Critics’ Picks

View of “Constanze Ruhm,” 2015–16.

St. Pölten

Constanze Ruhm

Zeit Kunst Niederösterreich | Museum of Lower Austria
Kulturbezirk 5
September 26–January 24

Austrian artist and filmmaker Constanze Ruhm has been contributing to the discourse on moving images through her exhibitions, films, curatorial projects, and writing since the mid-1990s. Though she is primarily known for her films that update feminist film theory and Brechtian dramaturgy, what is instantly striking in this midcareer survey is another less discussed aspect of her practice—namely, the exploration of possibilities for presenting moving images in exhibition contexts. The show’s circular design, which is based on the shape of a 16-mm reel, with a specially constructed cinema in the center, has been developed in collaboration with architect Golmar-Mina Kempinger-Khatibi and elegantly brings together Ruhm’s oeuvre.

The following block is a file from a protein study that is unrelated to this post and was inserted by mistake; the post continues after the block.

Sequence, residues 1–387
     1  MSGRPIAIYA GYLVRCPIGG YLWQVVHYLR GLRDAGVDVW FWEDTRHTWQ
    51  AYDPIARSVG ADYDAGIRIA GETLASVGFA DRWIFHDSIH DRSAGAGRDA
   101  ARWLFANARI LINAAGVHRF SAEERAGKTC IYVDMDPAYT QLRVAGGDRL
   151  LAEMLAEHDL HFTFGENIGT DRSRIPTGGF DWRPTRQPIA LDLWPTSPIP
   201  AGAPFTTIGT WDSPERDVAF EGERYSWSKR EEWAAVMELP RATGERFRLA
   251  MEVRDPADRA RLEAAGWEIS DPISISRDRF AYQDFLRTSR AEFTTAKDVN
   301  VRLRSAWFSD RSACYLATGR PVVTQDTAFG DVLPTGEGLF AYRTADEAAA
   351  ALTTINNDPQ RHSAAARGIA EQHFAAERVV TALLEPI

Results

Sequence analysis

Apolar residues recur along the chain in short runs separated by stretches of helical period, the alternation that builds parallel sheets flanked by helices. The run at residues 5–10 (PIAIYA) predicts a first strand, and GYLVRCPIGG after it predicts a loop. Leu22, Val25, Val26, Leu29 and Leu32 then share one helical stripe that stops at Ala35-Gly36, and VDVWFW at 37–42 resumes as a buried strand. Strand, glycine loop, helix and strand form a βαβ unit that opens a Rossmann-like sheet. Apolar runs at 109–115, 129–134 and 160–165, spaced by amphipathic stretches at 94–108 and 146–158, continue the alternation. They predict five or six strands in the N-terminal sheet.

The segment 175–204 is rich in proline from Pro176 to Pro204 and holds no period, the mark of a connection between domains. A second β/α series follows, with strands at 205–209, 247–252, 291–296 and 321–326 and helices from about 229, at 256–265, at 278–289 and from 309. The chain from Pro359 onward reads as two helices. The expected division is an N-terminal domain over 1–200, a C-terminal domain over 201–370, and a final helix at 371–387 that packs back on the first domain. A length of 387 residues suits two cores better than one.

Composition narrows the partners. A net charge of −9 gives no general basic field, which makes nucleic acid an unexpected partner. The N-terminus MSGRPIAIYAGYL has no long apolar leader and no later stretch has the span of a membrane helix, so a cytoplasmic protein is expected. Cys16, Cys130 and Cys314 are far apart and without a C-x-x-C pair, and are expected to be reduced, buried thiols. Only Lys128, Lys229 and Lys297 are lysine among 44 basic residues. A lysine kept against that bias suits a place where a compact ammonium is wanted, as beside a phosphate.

Central to the exhibition—the axle of the reel, so to speak—is the series “X Characters,” 2001–14, which comprises films, installations, photographs, and web-based projects. In this impressive body of work, Ruhm has resurrected and given voice to iconic female characters from cinema’s history, such as Hari from Solaris and Nana from Vivre sa Vie. Played by contemporary actors speaking in German, thereby expelling any lingering sense of reconstruction or tribute, these undead characters interrogate their newfound and bewildering agency while often being absurd and farcical.

Framing “X Characters” at one end of the exhibition, Ruhm’s early computer-generated animations reference architectural spaces used in films. At the other end is her newest work, produced in collaboration with French filmmaker Emilien Awada, Panoramis Paramount Paranormal, 2015, which investigates the Saint-Maurice film studios near Paris (established in 1913, overtaken by Paramount Pictures, and then leveled by a major fire in 1971), thus employing architecture as the link that joins her diverse output.